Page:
Salient Features of the Indian Constitution
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This article is written by Abhinav Narayan Jha, a law student of Amity Law School, Amity University, Noida, Uttar Pradesh and Anurag Tiwary, a law student of National Law University, Visakhapatnam.

How does one flesh out meaning from a Constitution that is supposed to govern 1.3 billion people, regulate the functions and powers of governments in 28 States and 8 Union Territories. How high are the stakes of such an attempt in a nation where people speak 22 constitutionally recognized languages and practice almost every religion in the world? With different ideologies, political outfits, widespread poverty, and illiteracy, the task of interpreting the lengthiest constitution of the world becomes daunting and an equally interesting task at first blush. 

It is the Supreme Court under Article 32 and 136 and the High Courts under 226 and 227, that are vested with the power of ‘Judicial Review’ where state actions or inactions are put through a constitutional Litmus test. The court engages in an endeavor where it has to figure out a particular meaning of a provision in the constitution. During this pursuit, the court employs various methods and modes of interpreting those provisions to realize the goal of equitable justice.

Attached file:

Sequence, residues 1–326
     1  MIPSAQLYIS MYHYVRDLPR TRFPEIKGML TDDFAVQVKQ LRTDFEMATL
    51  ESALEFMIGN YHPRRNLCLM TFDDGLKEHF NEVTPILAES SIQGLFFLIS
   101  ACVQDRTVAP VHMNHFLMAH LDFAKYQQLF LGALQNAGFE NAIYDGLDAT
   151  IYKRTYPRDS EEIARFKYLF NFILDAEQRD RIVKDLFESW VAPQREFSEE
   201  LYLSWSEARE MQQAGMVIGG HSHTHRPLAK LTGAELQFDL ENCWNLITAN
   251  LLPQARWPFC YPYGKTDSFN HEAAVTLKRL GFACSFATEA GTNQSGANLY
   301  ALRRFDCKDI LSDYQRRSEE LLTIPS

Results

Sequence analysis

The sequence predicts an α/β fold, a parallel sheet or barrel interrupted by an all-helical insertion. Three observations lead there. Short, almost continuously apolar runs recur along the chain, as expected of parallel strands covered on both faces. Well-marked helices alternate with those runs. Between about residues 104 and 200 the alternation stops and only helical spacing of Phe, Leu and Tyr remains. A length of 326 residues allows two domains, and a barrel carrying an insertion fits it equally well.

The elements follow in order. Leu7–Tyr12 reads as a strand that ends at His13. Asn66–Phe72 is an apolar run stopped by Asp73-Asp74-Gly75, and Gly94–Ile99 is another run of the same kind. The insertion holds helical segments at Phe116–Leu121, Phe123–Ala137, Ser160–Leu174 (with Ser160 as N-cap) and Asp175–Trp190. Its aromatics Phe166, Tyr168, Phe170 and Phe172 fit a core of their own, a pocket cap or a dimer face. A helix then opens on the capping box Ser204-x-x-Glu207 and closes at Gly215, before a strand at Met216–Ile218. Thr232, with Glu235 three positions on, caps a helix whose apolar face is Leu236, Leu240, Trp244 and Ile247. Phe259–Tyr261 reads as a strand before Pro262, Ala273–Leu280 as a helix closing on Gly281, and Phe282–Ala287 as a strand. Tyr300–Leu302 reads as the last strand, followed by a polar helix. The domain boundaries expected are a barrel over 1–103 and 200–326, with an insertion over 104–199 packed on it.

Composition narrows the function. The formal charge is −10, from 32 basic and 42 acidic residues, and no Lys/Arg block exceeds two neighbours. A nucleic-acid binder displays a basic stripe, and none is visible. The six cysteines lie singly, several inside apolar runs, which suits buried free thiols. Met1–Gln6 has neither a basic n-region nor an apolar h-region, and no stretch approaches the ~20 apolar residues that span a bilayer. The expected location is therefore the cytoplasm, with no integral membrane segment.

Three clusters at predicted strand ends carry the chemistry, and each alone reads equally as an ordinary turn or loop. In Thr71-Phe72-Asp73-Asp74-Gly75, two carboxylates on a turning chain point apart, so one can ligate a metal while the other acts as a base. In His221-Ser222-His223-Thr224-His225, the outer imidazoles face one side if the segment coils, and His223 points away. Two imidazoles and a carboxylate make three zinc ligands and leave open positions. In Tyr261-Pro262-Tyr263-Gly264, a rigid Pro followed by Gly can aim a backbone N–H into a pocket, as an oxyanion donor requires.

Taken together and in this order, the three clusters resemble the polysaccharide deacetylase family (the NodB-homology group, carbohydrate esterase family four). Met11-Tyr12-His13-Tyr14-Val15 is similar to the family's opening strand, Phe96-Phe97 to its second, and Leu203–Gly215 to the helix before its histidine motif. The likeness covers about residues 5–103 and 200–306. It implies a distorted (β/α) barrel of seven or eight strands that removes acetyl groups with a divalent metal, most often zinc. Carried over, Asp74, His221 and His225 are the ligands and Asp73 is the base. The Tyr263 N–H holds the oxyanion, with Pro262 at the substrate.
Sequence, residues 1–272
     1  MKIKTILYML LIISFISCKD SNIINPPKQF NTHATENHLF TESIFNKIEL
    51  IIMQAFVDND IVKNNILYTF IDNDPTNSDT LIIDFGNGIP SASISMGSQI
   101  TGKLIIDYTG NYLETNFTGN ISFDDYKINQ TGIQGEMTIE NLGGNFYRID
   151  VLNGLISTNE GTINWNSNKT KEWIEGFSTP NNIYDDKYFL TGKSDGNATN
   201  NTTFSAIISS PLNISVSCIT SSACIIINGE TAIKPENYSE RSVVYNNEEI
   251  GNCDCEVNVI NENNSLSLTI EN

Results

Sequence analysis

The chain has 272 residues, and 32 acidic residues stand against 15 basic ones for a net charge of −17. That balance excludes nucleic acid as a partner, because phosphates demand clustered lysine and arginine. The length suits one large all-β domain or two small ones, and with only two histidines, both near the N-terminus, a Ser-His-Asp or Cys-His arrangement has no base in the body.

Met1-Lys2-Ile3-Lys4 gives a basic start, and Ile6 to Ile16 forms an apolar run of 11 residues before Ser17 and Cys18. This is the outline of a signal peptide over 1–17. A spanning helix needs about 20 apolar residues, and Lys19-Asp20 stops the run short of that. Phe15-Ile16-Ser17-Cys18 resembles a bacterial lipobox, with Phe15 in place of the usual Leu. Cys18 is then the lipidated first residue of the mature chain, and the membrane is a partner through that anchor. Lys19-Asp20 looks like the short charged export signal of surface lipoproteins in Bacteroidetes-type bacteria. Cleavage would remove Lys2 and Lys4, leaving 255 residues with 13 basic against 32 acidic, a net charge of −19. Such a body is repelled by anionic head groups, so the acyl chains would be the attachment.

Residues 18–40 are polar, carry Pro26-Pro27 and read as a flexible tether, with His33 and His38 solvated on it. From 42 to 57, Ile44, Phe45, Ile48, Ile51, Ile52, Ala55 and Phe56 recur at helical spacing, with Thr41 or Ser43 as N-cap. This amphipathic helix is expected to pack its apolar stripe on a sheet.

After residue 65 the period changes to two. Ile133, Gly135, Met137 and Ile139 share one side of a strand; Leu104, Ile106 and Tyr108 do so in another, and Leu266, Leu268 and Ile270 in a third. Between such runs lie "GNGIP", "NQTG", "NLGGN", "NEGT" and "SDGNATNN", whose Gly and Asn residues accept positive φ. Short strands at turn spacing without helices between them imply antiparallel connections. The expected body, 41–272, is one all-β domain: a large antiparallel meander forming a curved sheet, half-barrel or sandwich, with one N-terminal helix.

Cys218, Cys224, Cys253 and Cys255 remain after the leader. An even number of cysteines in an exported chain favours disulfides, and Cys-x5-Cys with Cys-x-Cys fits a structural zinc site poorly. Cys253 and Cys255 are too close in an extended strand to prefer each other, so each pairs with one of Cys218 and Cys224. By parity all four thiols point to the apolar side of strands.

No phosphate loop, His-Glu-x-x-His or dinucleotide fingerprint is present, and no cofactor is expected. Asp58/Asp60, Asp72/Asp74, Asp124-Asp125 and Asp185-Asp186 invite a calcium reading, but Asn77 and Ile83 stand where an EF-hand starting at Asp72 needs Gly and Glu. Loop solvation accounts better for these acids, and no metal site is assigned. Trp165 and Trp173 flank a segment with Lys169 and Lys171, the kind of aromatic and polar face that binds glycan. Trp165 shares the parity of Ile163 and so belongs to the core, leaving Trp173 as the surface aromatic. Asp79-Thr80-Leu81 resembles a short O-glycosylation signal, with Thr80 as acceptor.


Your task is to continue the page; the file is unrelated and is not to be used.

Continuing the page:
Constitutional Interpretation is important for several reasons. Firstly, Constitutions are broadly worded documents and have been drafted in as general terms as possible. To apply them to particular legal and factual circumstances, rules of constitutional interpretation becomes necessary. 

Secondly, Constitutions were drafted decades and sometimes centuries earlier. Such a document may be ill-equipped at times to answer certain specific questions which the drafters ratifying the document could not have easily foreseen. It, therefore, becomes important for the courts to propound theories of constitutional interpretation that makes the document a “living constitution” – one that caters to the society of today and tomorrow. Constitutions must evolve and adapt to new challenges and circumstances without being formally amended.